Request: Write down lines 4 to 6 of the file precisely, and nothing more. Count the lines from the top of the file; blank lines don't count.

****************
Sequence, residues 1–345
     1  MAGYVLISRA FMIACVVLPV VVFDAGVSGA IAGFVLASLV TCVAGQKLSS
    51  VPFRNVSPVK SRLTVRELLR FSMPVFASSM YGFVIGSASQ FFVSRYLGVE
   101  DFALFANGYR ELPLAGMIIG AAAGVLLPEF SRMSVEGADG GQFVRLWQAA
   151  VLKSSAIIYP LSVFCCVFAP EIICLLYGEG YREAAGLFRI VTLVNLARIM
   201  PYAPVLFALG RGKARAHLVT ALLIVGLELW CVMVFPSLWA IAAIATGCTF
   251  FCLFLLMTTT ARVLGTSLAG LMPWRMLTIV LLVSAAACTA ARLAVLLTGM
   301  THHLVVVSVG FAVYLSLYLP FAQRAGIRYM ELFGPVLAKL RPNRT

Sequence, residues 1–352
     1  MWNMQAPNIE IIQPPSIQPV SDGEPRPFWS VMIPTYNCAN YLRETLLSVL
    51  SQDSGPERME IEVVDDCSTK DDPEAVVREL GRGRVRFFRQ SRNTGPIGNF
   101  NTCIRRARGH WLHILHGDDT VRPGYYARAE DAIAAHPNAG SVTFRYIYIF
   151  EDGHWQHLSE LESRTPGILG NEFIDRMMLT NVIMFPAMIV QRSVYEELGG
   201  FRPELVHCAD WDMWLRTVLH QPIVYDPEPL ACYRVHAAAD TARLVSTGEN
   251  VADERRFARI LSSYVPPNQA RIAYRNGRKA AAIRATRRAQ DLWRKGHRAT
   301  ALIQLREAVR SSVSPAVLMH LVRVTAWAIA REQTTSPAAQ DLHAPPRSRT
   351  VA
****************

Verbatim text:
   101  DFALFANGYR ELPLAGMIIG AAAGVLLPEF SRMSVEGADG GQFVRLWQAA
   151  VLKSSAIIYP LSVFCCVFAP EIICLLYGEG YREAAGLFRI VTLVNLARIM
   201  PYAPVLFALG RGKARAHLVT ALLIVGLELW CVMVFPSLWA IAAIATGCTF